Formation and Function of Collagen IV Sulfilimine Bonds
Cummings, Christopher Franklin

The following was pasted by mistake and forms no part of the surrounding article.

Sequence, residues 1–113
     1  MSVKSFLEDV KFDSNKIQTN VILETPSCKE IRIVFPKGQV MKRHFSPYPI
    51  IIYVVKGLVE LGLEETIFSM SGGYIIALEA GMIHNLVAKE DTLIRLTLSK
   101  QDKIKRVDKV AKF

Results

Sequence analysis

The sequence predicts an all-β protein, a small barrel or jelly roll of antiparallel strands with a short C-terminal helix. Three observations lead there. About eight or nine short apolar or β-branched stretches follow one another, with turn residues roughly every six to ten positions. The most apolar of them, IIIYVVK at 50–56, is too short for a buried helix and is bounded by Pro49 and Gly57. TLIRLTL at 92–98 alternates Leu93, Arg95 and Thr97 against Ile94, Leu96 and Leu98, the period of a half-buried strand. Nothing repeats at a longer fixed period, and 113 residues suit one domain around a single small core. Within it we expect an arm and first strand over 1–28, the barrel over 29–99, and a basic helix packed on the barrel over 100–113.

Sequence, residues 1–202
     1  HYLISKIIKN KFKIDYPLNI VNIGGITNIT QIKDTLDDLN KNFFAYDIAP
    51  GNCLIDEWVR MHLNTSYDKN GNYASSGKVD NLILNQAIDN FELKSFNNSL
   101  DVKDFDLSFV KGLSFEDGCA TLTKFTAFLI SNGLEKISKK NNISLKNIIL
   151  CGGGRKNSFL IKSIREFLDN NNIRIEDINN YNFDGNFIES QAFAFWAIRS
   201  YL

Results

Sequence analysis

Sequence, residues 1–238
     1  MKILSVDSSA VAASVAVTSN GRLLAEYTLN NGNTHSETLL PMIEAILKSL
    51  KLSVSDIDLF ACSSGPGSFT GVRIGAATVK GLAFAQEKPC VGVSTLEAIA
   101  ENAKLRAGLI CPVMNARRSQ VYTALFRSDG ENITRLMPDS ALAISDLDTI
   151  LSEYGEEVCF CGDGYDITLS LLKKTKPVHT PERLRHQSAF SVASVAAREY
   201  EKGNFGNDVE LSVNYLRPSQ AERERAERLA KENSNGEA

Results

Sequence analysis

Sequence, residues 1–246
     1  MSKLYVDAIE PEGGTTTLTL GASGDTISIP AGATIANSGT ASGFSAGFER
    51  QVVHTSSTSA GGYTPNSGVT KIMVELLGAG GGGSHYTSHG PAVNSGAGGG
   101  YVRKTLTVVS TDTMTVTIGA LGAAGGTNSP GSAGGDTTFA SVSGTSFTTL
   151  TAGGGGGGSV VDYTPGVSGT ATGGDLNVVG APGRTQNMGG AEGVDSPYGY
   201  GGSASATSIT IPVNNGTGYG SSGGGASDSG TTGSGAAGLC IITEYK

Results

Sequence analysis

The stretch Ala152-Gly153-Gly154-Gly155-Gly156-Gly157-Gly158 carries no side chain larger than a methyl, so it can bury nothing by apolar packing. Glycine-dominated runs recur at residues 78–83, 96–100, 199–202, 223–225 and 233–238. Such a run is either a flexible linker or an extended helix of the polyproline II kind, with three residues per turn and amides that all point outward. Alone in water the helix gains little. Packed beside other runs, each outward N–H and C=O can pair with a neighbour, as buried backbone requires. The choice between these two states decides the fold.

Collagen IV networks are essential for animal viability, providing a stable extracellular foundation for tissue functioning. These networks contain sulfilimine bonds that covalently crosslink the C-terminal NC1 interfaces of adjoining collagen IV protomers. Bond formation occurs within basement membranes as the enzymatic product of peroxidasin through a mechanism that utilizes hypohalous acids as chemical intermediates. Within this context, the halide ions bromide and chloride have distinct roles in the formation of collagen IV networks. Mechanistic studies in matrix demonstrated that peroxidasin forms sulflimine bonds via its halogenation cycle, oxidizing bromide ions into hypobromous acid which then catalyze bond formation. In contrast to the role of bromide during bond formation, chloride has emerged as a critical element during the process of assembling NC1 domains into a suitable substrate for peroxidasin. Altogether, the reaction hinges on the sequential action of both halides. Empirical data presented herein demonstrates that sulfilimine bonds functionally reinforce the NC1 hexamer substrate. Thus, sulfilimine bonds are key structural elements of collagen IV networks, forming through the extracellular catalytic activity of peroxidasin and the coordinated functioning of bromide and chloride ions. These advancements delineate an orchestrated pathway of enzymology and chemistry that assembles the extracellular bedrock of tissue physiology.